Review: Catskill Chill 2012
Photos: Sincere Shane Weber & Nick Irving
(Hancock) Camp Minglewood, N.Y. – It’s Half-way through Catskill Chill, on a cool, overcast Saturday afternoon at psychedelic summer camp – and the voice of reason is telling you to stay calm.
“We’re going to have to shut this thing down,” said a peaceful man, who is “strongly urging” you NOT to go back to your tent. “We’re expecting 60 mile-per-hour winds…”
And while that wild weather wreaked havoc throughout the region, it never really materialized here at this sweeping performing arts camp wrapped around a beautiful lake. Instead the sold-out crowd endured a brief one-hour rain storm, and delighted in a weekend’s worth of stellar live music.
Nearly 5,000 people came together for the third annual Catskill Chill in the mountain village of Hancock over the weekend of Sept. 7-9, flooding three stages with energetic crowds and enjoying serene scenes camping in tents or nearby cabins overlooking Lake Sand.
Headlining the weekend was “Conspirator,” “Yonder Mountain String Band” and “Lotus” on Friday, Saturday and Sunday nights, respectively. Each band played a nearly two hour set at 8 p.m. on the “Main Stage,” a large pavilion nearly 30 yards from the lake with a smoothed concrete floor perfect for dancing.
Throughout the three-days, sets filled with improv-fueled dance-groove jam band music spilled over from one stage to another; shows would toggle between the main stage and the “B Stage,” just a short walk to the adjacent facility.
Eventually everyone would make there way to “Club Chill,” a third stage outside of the main gates. The club – really a children’s performing arts theater with wooded pews to-cheap-to-be church pews – was teeming with action as music would flow until 5 a.m. Saturday and Sunday mornings. Too cool.
The transition to morning was eased both Friday and Saturday by the Royal Family Records crew, which produce a field of all-stars the bands “Lettuce” and “Soulive.” Lettuce, rooted in party-funk music, took the crowd into the midnight hour Friday night, and an expanded Soulive did the same on Saturday.
Break-out shows filled the weekend: “Consider the Source” on the main stage, “Shwizz” in the club; “Rubblebucket” with robots back at main; and “Fikus” with a Sunday nighter that was enjoyed just-a-bit more by everyone who caught them live in the shwikus cabin early that morning.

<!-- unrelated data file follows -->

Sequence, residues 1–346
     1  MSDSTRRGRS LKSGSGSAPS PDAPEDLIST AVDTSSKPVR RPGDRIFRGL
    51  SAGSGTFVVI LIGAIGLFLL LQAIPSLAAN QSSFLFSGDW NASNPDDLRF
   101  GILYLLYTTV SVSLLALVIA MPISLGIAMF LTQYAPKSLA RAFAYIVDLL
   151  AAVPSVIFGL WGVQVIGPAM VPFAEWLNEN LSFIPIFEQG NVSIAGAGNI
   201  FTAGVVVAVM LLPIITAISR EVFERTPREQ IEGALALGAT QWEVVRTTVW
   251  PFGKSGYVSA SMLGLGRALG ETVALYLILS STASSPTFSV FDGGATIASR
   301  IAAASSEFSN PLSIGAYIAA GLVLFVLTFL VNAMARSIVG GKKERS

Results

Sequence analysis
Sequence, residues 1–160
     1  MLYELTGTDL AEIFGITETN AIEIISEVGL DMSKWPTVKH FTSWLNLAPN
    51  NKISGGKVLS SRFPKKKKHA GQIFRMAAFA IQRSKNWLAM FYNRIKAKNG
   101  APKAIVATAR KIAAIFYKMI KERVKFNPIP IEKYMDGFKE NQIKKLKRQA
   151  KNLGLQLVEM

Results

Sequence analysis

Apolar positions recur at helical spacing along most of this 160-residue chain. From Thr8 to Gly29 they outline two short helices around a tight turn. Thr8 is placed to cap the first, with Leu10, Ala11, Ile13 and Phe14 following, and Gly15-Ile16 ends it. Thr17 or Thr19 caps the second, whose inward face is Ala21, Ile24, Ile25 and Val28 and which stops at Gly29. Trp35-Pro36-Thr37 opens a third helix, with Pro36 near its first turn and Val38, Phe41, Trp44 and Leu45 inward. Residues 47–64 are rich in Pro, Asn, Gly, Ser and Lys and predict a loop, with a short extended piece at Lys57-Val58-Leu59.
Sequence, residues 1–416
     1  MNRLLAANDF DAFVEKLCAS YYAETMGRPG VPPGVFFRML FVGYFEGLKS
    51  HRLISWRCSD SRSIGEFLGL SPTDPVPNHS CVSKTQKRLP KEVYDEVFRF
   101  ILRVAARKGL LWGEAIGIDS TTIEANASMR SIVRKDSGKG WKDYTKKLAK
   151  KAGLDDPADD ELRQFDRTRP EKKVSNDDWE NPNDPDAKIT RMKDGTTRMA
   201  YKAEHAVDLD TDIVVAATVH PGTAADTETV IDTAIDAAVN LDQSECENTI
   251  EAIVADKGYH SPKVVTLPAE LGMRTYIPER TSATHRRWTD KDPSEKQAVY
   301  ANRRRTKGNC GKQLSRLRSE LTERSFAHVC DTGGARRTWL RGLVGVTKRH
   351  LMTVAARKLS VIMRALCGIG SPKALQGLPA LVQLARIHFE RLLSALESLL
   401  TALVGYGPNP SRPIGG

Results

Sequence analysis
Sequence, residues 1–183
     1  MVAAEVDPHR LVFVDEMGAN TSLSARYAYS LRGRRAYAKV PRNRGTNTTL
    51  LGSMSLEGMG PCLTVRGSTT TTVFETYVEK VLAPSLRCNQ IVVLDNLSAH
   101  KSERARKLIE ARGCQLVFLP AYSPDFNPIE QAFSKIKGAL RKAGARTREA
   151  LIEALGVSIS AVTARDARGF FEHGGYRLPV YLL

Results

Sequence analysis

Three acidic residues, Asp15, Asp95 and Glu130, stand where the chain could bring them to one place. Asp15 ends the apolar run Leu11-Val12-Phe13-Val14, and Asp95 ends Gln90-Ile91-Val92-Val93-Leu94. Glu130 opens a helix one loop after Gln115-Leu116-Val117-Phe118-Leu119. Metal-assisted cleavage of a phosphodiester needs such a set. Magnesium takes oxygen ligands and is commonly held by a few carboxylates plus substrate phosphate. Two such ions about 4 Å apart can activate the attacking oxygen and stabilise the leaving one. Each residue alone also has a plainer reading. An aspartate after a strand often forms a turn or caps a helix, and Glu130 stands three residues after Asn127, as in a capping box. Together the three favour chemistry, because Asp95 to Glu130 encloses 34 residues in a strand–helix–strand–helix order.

For a festival that has seen tremendous growth in three years, one wonders what it has in store for the future. Positive reviews, like this one, may just increase it’s popularity, making it too big. The festival’s experience has remained consistent, one late-night Chill friend told me, throughout its three years.
It is surely unique.
The moment you arrive at Camp Minglewood: All cell phone service––from the GPS that got you there, to the texts that will help you find your friends––ceases to exist as we know it.
Making your way into the show you might find introducing yourself to a stranger––oh my!––or boarding a hay-filled trailer (as I did, wildly cruising on dark, woodsy paths).
Festival organizers were spectacular. They were in charge when they needed to be (see: National Weather Service Alert), and they let everybody do what they came there to do – just chill.
The beauty of being at Chill is so apparent. While I found it funny that some camp facilities were literally boarded up like a scene from a post-apocalyptic zombie flick, the vast majority of cabins were either rented out or gifted to artists. Tents were pitched on baseball fields, tennis courts and on nearly every piece of earth between the paved paths of Camp Minglewood. At the top of a hill, a disco ball rose from an ice-cream truck and a DJ played dance classics. People waited for a bite to eat, chatting with new friends and old, and the scene was, perpetually, dancing.
For all who made it, 2012 Catskill Chill was a resounding experience not soon to be forgotten.